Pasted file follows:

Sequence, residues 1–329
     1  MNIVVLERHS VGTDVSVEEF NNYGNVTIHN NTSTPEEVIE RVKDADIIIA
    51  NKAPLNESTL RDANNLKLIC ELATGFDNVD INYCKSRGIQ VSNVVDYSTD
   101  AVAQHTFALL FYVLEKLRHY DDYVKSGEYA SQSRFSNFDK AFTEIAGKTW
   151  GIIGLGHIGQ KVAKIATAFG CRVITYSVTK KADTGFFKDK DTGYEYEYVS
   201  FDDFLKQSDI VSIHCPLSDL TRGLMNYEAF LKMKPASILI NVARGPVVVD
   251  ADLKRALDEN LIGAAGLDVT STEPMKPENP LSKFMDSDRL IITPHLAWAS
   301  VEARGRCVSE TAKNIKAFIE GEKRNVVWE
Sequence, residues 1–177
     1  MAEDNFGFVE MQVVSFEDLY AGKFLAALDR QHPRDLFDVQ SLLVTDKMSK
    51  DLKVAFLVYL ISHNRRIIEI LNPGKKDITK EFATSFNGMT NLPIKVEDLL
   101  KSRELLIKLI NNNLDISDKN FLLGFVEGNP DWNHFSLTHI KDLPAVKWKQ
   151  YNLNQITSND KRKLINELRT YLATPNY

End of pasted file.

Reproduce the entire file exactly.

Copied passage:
Sequence, residues 1–329
     1  MNIVVLERHS VGTDVSVEEF NNYGNVTIHN NTSTPEEVIE RVKDADIIIA
    51  NKAPLNESTL RDANNLKLIC ELATGFDNVD INYCKSRGIQ VSNVVDYSTD
   101  AVAQHTFALL FYVLEKLRHY DDYVKSGEYA SQSRFSNFDK AFTEIAGKTW
   151  GIIGLGHIGQ KVAKIATAFG CRVITYSVTK KADTGFFKDK DTGYEYEYVS
   201  FDDFLKQSDI VSIHCPLSDL TRGLMNYEAF LKMKPASILI NVARGPVVVD
   251  ADLKRALDEN LIGAAGLDVT STEPMKPENP LSKFMDSDRL IITPHLAWAS
   301  VEARGRCVSE TAKNIKAFIE GEKRNVVWE
Sequence, residues 1–177
     1  MAEDNFGFVE MQVVSFEDLY AGKFLAALDR QHPRDLFDVQ SLLVTDKMSK
    51  DLKVAFLVYL ISHNRRIIEI LNPGKKDITK EFATSFNGMT NLPIKVEDLL
   101  KSRELLIKLI NNNLDISDKN FLLGFVEGNP DWNHFSLTHI KDLPAVKWKQ
   151  YNLNQITSND KRKLINELRT YLATPNY